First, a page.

CCHO worked with ABC News on a story that aired over the weekend about the housing balance report and how it reinforces the funding need for San Francisco’s small sites acquisition program. Watch it here.

Stories around the housing balance report reinforcing the need for preserving affordable housing also appeared in SF Weekly, KQED, 48 Hills, San Francisco Examiner and San Francisco Chronicle



Push by Environmentalists to Build Housing Near Transit Centers Meets Stiff Resistance

By Chris Reed : capoliticalreview – excerpt

Over the past dozen years, the California environmental lobby has never seemed more powerful in the Legislature and in state government. Under Govs. Arnold Schwarzenegger and Jerry Brown, the Golden State has passed bold laws and emerged as the global leader in government efforts to combat climate change – with Gov.-elect Gavin Newsom certain to continue this tradition.

But a bracing report from the California Air Resources Board shows that environmentalists’ clout can’t shake the complete control that NIMBYs have over local planning in most of the state – to the detriment of the environment. It found that a 2008 state law – Senate Bill 375 – had been an abject failure. The law requires the state’s 18 regional intergovernmental agencies to push to put new housing near transit stations and to add new transportation options so as to decrease pollution from vehicle commuting…

69% of Californians want local control of housing

But the appetite of state lawmakers to take on NIMBYs may be limited in the wake of new evidence that NIMBYism isn’t just espoused by activists who see every new housing project as detrimental to quality of life. Instead, it’s a core belief of state residents. A USC Dornsrife/Los Angeles Times survey released in October showed 69 percent of Californianspreferred local control of housing decision-making…

This article was originally published by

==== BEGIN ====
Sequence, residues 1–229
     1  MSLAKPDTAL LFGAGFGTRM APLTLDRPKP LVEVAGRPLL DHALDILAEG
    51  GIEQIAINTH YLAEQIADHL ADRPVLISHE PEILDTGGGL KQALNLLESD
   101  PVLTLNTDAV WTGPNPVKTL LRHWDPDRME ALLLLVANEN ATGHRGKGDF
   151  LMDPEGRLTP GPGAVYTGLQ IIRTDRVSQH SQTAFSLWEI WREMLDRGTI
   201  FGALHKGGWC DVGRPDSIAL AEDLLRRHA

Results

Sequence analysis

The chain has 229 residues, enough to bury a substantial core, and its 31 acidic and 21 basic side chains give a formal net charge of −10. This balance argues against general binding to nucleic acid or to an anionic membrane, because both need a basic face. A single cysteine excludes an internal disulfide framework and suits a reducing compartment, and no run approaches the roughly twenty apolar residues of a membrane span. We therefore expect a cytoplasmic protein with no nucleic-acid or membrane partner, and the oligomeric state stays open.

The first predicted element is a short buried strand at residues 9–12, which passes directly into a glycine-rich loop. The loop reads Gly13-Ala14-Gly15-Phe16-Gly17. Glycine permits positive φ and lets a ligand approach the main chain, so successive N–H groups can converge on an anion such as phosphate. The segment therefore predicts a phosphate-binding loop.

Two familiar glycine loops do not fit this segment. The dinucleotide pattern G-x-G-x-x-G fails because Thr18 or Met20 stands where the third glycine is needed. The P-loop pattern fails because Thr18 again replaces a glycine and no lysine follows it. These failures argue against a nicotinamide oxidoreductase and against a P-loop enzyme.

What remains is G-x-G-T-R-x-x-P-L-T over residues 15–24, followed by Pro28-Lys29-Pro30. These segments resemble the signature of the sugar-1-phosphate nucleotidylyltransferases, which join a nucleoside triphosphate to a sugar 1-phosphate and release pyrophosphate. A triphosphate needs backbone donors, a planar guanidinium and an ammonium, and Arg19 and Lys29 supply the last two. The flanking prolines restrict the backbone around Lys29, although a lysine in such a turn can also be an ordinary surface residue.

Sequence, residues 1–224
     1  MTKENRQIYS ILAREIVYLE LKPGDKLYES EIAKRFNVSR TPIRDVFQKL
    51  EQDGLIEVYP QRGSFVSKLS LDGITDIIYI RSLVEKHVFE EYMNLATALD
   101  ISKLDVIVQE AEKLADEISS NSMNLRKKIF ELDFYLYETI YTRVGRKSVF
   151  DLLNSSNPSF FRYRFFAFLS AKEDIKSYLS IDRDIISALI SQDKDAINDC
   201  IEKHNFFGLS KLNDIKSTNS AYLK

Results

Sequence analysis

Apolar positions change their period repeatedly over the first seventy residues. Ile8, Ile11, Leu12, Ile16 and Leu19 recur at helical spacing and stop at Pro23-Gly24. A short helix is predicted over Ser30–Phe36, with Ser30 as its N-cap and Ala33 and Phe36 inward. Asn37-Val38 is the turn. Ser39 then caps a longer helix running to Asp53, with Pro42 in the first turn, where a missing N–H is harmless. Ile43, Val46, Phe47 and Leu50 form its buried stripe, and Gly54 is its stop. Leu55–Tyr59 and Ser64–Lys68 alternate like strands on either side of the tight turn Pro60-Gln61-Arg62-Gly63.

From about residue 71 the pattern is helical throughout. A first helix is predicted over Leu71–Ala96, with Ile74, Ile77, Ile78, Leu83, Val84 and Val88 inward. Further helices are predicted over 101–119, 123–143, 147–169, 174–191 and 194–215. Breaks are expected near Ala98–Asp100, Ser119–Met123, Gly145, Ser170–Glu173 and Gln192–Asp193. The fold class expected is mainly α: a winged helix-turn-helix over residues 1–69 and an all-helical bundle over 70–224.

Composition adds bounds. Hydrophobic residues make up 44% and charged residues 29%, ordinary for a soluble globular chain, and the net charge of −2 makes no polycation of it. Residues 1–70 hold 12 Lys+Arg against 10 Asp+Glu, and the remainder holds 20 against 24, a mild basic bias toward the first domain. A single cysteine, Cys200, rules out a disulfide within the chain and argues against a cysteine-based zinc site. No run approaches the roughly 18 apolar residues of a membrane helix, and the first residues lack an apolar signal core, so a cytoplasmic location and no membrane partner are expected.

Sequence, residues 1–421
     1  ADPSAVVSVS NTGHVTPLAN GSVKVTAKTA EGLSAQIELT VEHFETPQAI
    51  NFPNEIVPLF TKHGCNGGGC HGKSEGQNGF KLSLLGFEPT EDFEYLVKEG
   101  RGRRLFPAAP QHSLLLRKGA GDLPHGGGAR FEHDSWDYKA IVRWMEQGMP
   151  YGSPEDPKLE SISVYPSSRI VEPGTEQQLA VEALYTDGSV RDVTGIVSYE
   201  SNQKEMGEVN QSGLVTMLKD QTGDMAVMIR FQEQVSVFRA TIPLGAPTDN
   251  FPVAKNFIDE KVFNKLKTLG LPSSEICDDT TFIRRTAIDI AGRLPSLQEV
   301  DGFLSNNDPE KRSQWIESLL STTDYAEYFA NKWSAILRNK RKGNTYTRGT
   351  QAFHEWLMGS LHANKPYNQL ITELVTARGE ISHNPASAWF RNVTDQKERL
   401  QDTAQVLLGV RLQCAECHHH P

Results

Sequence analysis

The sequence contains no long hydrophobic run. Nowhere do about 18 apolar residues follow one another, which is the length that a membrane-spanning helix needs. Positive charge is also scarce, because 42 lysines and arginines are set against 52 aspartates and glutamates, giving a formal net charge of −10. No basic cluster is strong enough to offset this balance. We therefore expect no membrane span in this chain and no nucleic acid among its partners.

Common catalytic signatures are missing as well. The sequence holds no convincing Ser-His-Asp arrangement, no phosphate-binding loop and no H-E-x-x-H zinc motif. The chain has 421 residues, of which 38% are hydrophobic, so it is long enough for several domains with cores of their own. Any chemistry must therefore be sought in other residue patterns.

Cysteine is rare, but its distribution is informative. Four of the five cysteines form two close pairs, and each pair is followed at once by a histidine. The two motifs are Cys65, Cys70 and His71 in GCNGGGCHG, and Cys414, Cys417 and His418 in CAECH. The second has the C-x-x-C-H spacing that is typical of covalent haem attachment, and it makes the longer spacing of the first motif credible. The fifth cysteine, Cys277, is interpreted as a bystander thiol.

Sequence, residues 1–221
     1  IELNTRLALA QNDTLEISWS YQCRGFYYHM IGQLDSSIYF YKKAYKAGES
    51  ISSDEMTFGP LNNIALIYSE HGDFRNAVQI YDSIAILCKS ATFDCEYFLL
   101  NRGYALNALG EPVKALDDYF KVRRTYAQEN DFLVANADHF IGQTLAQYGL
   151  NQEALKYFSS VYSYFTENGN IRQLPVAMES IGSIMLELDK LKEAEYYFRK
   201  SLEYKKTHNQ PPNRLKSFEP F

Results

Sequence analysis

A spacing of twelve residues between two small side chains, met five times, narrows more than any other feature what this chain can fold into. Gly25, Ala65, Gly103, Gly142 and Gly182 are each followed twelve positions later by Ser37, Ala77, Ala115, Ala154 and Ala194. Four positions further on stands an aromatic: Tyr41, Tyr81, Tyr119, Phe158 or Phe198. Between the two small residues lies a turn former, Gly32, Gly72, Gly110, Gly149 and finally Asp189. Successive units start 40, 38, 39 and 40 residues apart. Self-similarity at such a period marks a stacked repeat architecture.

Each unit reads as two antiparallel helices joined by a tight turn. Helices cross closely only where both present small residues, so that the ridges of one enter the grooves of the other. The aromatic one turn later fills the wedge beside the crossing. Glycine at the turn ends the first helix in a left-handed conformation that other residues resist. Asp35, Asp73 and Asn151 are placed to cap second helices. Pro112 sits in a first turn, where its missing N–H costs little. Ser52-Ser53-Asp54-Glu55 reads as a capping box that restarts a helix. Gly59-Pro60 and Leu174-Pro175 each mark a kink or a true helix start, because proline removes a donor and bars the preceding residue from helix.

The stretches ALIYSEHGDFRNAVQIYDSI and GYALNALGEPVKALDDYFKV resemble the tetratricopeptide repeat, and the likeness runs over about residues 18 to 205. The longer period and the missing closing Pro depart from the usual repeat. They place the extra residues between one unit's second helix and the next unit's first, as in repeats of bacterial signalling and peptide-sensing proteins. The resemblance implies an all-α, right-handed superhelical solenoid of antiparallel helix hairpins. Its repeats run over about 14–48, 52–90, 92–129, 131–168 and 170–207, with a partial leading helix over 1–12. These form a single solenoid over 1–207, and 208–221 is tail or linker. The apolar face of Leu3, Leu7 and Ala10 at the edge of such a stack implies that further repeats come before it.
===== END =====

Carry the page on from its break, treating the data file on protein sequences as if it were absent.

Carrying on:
SB 827 is not the answer. Advancing equitable development is.

A Key Tactic: Sue the Suburbs

By J. K. Dineen : sfchronicle – excerpt

Citing a state law that limits cities’ power to reject developments, lawsuits sometime result in new housing projects, sometimes just a big payout…

The campaign to tackle the Bay Area’s housing crisis by forcing residential development in reluctant communities started with a simple idea: Sue the suburbs…

Pro-housing activist Sonja Trauss, a pioneer in the YIMBY movement, was reading about a controversial 315-unit affordable apartment project in Lafayette in 2015 when she learned about a 1982 state law she’d never heard of before: the Housing Accountability Act.

The law said municipalities must approve a housing development as long as it is consistent with local zoning rules and general plan objectives, would not create a public health hazard or take water from neighboring farms, and would meet state environmental standards…

The California Renters Legal Advocacy Fund, or CaRLA — a group Trauss and her YIMBY allies formed in 2015 — is waging the sue-the-suburbs campaign. CaRLA has used the Housing Accountability Act to sue on behalf of developers in Sausalito, Berkeley, San Mateo, Sonoma, Dublin and Lafayette…

Earlier this year, a group of elected officials and other concerned citizens formed a new group called Livable California, with a mission to “protect California cities” and “oppose state overreach and big money influence.” The group started after a February town hall meeting at the Taraval Police Station in San Francisco and has several hundred members, including candidates for local office in Pleasanton, Cupertino, Orinda and San Luis Obispo…